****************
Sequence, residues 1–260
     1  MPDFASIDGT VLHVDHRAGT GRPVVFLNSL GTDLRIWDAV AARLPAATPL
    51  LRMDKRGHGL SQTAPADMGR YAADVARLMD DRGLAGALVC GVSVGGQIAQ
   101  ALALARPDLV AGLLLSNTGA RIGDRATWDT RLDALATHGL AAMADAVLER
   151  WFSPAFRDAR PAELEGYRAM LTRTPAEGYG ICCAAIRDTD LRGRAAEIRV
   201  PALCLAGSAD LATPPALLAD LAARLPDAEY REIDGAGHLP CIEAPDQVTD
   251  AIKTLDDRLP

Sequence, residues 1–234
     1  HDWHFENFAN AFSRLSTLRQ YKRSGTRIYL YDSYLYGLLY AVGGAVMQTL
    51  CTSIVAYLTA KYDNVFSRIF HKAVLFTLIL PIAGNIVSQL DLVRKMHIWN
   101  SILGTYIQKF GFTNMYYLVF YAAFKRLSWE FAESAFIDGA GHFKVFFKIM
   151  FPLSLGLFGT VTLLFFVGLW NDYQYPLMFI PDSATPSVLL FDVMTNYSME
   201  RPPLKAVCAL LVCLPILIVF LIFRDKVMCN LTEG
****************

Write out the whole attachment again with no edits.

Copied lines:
Sequence, residues 1–260
     1  MPDFASIDGT VLHVDHRAGT GRPVVFLNSL GTDLRIWDAV AARLPAATPL
    51  LRMDKRGHGL SQTAPADMGR YAADVARLMD DRGLAGALVC GVSVGGQIAQ
   101  ALALARPDLV AGLLLSNTGA RIGDRATWDT RLDALATHGL AAMADAVLER
   151  WFSPAFRDAR PAELEGYRAM LTRTPAEGYG ICCAAIRDTD LRGRAAEIRV
   201  PALCLAGSAD LATPPALLAD LAARLPDAEY REIDGAGHLP CIEAPDQVTD
   251  AIKTLDDRLP

Sequence, residues 1–234
     1  HDWHFENFAN AFSRLSTLRQ YKRSGTRIYL YDSYLYGLLY AVGGAVMQTL
    51  CTSIVAYLTA KYDNVFSRIF HKAVLFTLIL PIAGNIVSQL DLVRKMHIWN
   101  SILGTYIQKF GFTNMYYLVF YAAFKRLSWE FAESAFIDGA GHFKVFFKIM
   151  FPLSLGLFGT VTLLFFVGLW NDYQYPLMFI PDSATPSVLL FDVMTNYSME
   201  RPPLKAVCAL LVCLPILIVF LIFRDKVMCN LTEG